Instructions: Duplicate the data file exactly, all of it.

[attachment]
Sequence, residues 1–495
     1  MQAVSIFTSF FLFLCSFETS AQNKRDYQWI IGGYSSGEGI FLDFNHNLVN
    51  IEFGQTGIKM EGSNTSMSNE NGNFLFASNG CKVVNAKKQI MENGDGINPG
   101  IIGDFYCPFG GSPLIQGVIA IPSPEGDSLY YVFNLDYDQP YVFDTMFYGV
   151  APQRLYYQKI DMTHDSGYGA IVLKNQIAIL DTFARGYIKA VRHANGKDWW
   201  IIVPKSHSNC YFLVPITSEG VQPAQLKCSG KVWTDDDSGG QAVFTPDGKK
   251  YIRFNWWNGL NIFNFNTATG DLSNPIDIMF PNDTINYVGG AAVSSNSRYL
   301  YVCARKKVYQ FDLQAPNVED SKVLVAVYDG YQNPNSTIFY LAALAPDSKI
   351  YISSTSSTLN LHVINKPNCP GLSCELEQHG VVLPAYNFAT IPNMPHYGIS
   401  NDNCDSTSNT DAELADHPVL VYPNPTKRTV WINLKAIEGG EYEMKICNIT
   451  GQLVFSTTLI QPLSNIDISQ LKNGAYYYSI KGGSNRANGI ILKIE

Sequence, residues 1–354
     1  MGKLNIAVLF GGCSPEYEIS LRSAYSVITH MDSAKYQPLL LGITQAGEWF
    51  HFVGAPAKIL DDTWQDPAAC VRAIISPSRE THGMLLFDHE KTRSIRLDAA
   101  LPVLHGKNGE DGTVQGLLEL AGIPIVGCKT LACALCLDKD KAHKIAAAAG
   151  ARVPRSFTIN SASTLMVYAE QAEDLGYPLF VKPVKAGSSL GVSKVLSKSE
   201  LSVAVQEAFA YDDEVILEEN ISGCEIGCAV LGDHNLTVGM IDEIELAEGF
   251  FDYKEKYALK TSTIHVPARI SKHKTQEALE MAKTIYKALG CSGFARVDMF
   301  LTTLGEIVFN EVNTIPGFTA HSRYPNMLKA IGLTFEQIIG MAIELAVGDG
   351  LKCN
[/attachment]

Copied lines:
Sequence, residues 1–495
     1  MQAVSIFTSF FLFLCSFETS AQNKRDYQWI IGGYSSGEGI FLDFNHNLVN
    51  IEFGQTGIKM EGSNTSMSNE NGNFLFASNG CKVVNAKKQI MENGDGINPG
   101  IIGDFYCPFG GSPLIQGVIA IPSPEGDSLY YVFNLDYDQP YVFDTMFYGV
   151  APQRLYYQKI DMTHDSGYGA IVLKNQIAIL DTFARGYIKA VRHANGKDWW
   201  IIVPKSHSNC YFLVPITSEG VQPAQLKCSG KVWTDDDSGG QAVFTPDGKK
   251  YIRFNWWNGL NIFNFNTATG DLSNPIDIMF PNDTINYVGG AAVSSNSRYL
   301  YVCARKKVYQ FDLQAPNVED SKVLVAVYDG YQNPNSTIFY LAALAPDSKI
   351  YISSTSSTLN LHVINKPNCP GLSCELEQHG VVLPAYNFAT IPNMPHYGIS
   401  NDNCDSTSNT DAELADHPVL VYPNPTKRTV WINLKAIEGG EYEMKICNIT
   451  GQLVFSTTLI QPLSNIDISQ LKNGAYYYSI KGGSNRANGI ILKIE

Sequence, residues 1–354
     1  MGKLNIAVLF GGCSPEYEIS LRSAYSVITH MDSAKYQPLL LGITQAGEWF
    51  HFVGAPAKIL DDTWQDPAAC VRAIISPSRE THGMLLFDHE KTRSIRLDAA
   101  LPVLHGKNGE DGTVQGLLEL AGIPIVGCKT LACALCLDKD KAHKIAAAAG
   151  ARVPRSFTIN SASTLMVYAE QAEDLGYPLF VKPVKAGSSL GVSKVLSKSE
   201  LSVAVQEAFA YDDEVILEEN ISGCEIGCAV LGDHNLTVGM IDEIELAEGF
   251  FDYKEKYALK TSTIHVPARI SKHKTQEALE MAKTIYKALG CSGFARVDMF
   301  LTTLGEIVFN EVNTIPGFTA HSRYPNMLKA IGLTFEQIIG MAIELAVGDG
   351  LKCN